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Publication numberUS6417854 B1
Publication typeGrant
Application numberUS 09/196,231
Publication dateJul 9, 2002
Filing dateNov 20, 1998
Priority dateNov 21, 1997
Fee statusPaid
Publication number09196231, 196231, US 6417854 B1, US 6417854B1, US-B1-6417854, US6417854 B1, US6417854B1
InventorsTakashi Isowaki, Junichi Yamanaka, Hiroshi Masui, Takashi Fujimura, Takeshi Iwasaki, Naotake Nishimura, Makoto Osaki, Koki Koiwa, Saori Nishikawa
Original AssigneeKabushiki Kaisha Sega Enterprises
Export CitationBiBTeX, EndNote, RefMan
External Links: USPTO, USPTO Assignment, Espacenet
Image processing system
US 6417854 B1
Abstract
The image processing system comprises means for preparing a plurality of textures for providing to at least one first texture thereof a background image, in which a movable object is either in a stationary or low-speed state and means for providing to at least one of the remaining second textures a background image of when a movable object is in a low-speed or faster state of travel and for mapping to a screen in accordance with the state of themovable object the second texture in addition to the first texture.
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Claims(25)
What is claimed is:
1. An image processing system displaying in a screen a moving state of a movable object, said image processing system comprising:
a first storage means for dividing a storage area for providing to display means a screen of the moving state of the movable object moves into an area for a common display and an area for a movement display;
a second storage means for storing data for rendering a screen of a state, in which a movable object moves, by dividing it in accordance with the divided state of said first storage means, and which stores information that indicates the relation between this divided storage data; and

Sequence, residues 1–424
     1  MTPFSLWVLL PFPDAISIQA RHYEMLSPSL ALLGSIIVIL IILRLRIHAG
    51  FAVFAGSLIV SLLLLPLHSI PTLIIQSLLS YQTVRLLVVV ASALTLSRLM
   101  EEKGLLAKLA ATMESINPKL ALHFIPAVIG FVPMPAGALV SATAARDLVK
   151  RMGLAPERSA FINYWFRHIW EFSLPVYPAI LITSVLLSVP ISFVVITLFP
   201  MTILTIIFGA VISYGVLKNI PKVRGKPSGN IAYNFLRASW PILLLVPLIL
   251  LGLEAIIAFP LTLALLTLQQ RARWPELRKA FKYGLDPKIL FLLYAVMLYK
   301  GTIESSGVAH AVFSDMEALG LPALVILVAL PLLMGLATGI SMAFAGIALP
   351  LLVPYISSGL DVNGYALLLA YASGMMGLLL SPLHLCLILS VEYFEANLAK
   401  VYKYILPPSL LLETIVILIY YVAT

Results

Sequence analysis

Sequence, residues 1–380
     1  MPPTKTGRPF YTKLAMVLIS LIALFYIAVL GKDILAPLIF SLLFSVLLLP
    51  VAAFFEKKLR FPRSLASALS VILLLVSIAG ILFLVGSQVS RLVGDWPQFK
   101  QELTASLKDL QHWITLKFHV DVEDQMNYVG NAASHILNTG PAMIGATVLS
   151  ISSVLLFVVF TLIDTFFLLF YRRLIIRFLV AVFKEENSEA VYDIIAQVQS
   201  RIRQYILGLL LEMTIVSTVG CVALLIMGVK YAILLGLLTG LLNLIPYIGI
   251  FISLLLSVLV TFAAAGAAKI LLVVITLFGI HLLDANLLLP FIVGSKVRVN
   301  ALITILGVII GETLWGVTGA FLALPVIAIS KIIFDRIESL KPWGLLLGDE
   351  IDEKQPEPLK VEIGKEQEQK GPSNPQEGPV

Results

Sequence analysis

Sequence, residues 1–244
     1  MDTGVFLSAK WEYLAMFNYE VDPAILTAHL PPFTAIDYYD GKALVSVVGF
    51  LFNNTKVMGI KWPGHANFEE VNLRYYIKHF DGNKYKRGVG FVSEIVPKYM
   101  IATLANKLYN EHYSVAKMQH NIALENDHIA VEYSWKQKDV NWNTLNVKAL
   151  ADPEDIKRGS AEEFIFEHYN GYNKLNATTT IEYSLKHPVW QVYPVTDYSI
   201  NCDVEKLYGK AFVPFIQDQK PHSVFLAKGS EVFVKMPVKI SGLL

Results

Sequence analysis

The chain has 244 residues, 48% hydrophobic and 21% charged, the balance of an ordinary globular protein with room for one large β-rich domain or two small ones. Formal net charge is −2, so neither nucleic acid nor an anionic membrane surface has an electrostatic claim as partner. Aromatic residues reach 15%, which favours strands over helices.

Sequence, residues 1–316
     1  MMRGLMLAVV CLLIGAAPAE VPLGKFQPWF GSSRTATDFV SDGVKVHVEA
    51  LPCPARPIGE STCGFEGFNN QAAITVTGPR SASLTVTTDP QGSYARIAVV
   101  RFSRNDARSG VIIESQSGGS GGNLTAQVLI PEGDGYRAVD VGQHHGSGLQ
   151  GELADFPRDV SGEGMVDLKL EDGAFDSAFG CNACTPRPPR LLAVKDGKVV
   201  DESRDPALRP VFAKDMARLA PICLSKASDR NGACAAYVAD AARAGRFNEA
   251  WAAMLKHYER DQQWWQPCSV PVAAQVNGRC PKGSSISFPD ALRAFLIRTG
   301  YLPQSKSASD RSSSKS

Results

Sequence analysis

means for transferring to an area for movement display of the first storage means data, which is divided and stored in said second storage means on the basis of the relation between said divided storage data when a movable object moves.
2. The image processing system according to claim 1, wherein said first storage means is texture memory, and texture memory is utilized by being divided into a common area, wherein is stored texture data, which data is not re-written when displaying a state in which a movable object moves, and an even block area and an odd block area, which are capable of storing both blocks when texture pursuant to the movement of a background of a movable object is divided into an even block and an odd block, respectively.
3. The image processing system according to claim 2, wherein said second storage means stores in one block each the common texture and texture of each block in a state which conforms to the divided state of texture memory.
4. The image processing system according to claim 3, wherein one block of said second storage means stores a plurality of sheets of texture, and said transfer means is designed so as to transfer one sheet of texture from among the plurality of sheets of texture stored in this one block for every one frame processed.
5. An image processing system displaying in a screen a moving state of a movable object, said image processing system comprising:
means for providing a plurality of textures, including:
providing at least one first texture of a background image, in which the movable object is either in a stationary or low-speed state of travel,
providing at least one second texture of a background image when the movable object is in a low-speed or higher state of travel; and
means for mapping to the screen according to the state of travel of the movable object the second texture in addition to the first texture.
6. An image processing system displaying in a screen a moving state of a movable object, said image processing system comprising:
means for preparing a plurality of textures;
means for providing to at least one first texture thereof a background image, in which a movable object is either in a stationary or low-speed state, wherein said first texture is a picture, which is capable of displaying a screen of a road surface when a movable object is in a practically stationary state;
means for providing to at least one of a remaining second texture a background image of when a movable object is in a low-speed or faster state of travel, wherein said second picture is a picture, which is capable of displaying a screen, in which a road surface is moving when a movable object is in a traveling state; and
means for mapping to a screen according to the state of the movable object the second texture in addition to the first texture.
7. The image processing system according to claim 5, wherein said second texture is a picture, which is capable of displaying according to a traveling state of the movable object an effect screen for the traveling state thereof.
8. An image processing system, which displays in a screen a state, in which a movable object moves, this image processing system being characterized in that it comprises:
processing means for computing a characteristic value for a state, in which a movable object interferes with another displayed object, and for reflecting this computed valuein the deformation quantity of said movable object.